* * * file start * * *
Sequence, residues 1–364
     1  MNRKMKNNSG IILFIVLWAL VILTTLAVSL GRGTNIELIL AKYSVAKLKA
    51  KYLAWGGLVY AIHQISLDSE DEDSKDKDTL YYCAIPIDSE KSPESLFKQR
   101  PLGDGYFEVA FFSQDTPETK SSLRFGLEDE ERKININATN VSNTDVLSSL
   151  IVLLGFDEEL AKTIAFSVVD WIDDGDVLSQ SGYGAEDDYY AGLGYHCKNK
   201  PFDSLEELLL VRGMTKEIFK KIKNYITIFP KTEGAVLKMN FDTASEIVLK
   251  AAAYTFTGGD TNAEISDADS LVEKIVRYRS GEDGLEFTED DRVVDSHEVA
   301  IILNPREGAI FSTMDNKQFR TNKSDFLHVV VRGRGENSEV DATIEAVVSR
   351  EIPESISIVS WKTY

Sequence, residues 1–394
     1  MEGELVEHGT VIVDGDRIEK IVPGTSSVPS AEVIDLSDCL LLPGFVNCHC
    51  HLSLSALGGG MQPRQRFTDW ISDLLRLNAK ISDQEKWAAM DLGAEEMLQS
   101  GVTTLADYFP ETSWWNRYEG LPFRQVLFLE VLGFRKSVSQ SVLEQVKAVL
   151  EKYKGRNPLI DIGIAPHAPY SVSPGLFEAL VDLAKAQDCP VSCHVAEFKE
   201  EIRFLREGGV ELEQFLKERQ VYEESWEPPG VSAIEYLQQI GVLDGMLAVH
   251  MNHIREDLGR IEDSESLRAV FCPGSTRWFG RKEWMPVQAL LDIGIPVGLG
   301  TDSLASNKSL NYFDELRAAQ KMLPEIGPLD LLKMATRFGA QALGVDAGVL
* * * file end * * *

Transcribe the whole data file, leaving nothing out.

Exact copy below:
Sequence, residues 1–364
     1  MNRKMKNNSG IILFIVLWAL VILTTLAVSL GRGTNIELIL AKYSVAKLKA
    51  KYLAWGGLVY AIHQISLDSE DEDSKDKDTL YYCAIPIDSE KSPESLFKQR
   101  PLGDGYFEVA FFSQDTPETK SSLRFGLEDE ERKININATN VSNTDVLSSL
   151  IVLLGFDEEL AKTIAFSVVD WIDDGDVLSQ SGYGAEDDYY AGLGYHCKNK
   201  PFDSLEELLL VRGMTKEIFK KIKNYITIFP KTEGAVLKMN FDTASEIVLK
   251  AAAYTFTGGD TNAEISDADS LVEKIVRYRS GEDGLEFTED DRVVDSHEVA
   301  IILNPREGAI FSTMDNKQFR TNKSDFLHVV VRGRGENSEV DATIEAVVSR
   351  EIPESISIVS WKTY

Sequence, residues 1–394
     1  MEGELVEHGT VIVDGDRIEK IVPGTSSVPS AEVIDLSDCL LLPGFVNCHC
    51  HLSLSALGGG MQPRQRFTDW ISDLLRLNAK ISDQEKWAAM DLGAEEMLQS
   101  GVTTLADYFP ETSWWNRYEG LPFRQVLFLE VLGFRKSVSQ SVLEQVKAVL
   151  EKYKGRNPLI DIGIAPHAPY SVSPGLFEAL VDLAKAQDCP VSCHVAEFKE
   201  EIRFLREGGV ELEQFLKERQ VYEESWEPPG VSAIEYLQQI GVLDGMLAVH
   251  MNHIREDLGR IEDSESLRAV FCPGSTRWFG RKEWMPVQAL LDIGIPVGLG
   301  TDSLASNKSL NYFDELRAAQ KMLPEIGPLD LLKMATRFGA QALGVDAGVL